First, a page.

Hyena (Spotted)

Crocuta crocuta
Photo by: Chris Mills

Spotted hyena Crocuta crocuta, also known as the “laughing” hyena is the largest of three hyena species collectively called Kòriko or ìkokò in Yoruba. They have a broad head with dark eyes, a thick black muzzle, and large, pointed equally black ears. Their golden yellow, brown, or gray coat has black stripes on the body and legs. Males weigh about 56 to 75 kg while females are about 15 percent heavier. Body length is between 95 to 150 cm from head to tail, and shoulder height is about 75 to 85 cm. They have the strongest jaw of all mammals in proportion to their size. They are fast and can run for long distances without tiring inspite of their walking style which make them seem like they are limping uphill. The cause of this; their front leg, is longer than their hind leg. Spotted hyenas are about the most social carnivorous animal but their clans, reaching up to 80, are not cooperative.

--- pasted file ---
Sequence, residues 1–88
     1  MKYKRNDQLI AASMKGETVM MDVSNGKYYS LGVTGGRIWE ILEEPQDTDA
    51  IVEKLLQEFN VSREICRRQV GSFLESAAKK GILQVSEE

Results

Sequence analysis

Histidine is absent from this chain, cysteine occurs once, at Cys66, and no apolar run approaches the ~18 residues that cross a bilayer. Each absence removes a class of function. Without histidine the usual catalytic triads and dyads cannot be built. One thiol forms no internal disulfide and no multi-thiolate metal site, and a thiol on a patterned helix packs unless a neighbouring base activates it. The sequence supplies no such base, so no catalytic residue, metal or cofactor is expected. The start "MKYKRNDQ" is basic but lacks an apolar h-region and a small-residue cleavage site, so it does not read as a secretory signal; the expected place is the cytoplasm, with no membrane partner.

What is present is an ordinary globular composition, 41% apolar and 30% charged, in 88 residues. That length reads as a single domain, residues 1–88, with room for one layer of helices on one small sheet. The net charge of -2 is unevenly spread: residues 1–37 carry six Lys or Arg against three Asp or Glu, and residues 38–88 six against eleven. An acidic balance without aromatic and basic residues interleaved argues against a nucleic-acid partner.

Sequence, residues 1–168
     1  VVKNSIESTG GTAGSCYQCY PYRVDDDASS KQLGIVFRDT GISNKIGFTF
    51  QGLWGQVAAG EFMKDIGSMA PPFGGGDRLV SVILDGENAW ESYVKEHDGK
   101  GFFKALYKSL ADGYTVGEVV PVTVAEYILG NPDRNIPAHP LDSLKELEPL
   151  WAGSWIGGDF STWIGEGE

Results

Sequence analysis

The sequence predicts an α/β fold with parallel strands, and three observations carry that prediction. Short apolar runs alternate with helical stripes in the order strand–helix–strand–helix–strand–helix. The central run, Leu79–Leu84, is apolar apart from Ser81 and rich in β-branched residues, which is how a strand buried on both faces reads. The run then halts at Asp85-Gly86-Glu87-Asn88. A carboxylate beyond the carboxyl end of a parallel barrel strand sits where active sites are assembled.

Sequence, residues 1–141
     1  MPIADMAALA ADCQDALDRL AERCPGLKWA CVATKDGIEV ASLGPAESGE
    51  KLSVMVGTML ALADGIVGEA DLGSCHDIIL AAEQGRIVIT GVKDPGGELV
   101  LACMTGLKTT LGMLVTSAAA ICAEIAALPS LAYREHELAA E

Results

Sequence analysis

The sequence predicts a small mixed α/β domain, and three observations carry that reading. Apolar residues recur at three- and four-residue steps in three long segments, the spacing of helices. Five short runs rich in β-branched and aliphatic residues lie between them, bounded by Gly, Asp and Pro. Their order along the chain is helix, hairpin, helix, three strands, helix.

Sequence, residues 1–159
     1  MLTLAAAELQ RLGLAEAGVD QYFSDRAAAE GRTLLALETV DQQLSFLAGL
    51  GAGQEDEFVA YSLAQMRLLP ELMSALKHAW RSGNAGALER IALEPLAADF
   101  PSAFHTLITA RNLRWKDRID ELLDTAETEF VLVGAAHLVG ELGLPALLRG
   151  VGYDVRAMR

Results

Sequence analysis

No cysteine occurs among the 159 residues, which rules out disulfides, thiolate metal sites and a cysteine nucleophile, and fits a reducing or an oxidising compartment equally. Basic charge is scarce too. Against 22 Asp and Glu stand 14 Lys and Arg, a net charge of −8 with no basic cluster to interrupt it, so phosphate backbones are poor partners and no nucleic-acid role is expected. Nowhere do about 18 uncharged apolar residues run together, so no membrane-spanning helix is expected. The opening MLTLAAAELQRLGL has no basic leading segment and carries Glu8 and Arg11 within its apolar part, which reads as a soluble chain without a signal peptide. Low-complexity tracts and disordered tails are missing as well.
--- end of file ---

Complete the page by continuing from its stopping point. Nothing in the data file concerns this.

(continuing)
Females have high level of testosterone and genitalia are almost indistinguishable from those of males. Mating is a challenge because of this, but the dominant estrous female lowers her head to signal she will not bite the male, and it is safe for him to mount her. Gestation period is for 90 to 110 days and some of the cubs live up to 25 years when in captivity. Nigerian spotted hyenas are on the verge of extinction.

In Yoruba Gelede dance, hyena mask appears only at dawn to signal the end of a successful ceremony. Hyena is associated with the last part of the dance because it is among other things, a scavenger, showing up to eat what bigger animals like leopard have left behind. Also because the jokes cracked by the masks have been such that even the hyena has come join them in laughing. It signifies the climax of the event and the most appropriate time to call it a day.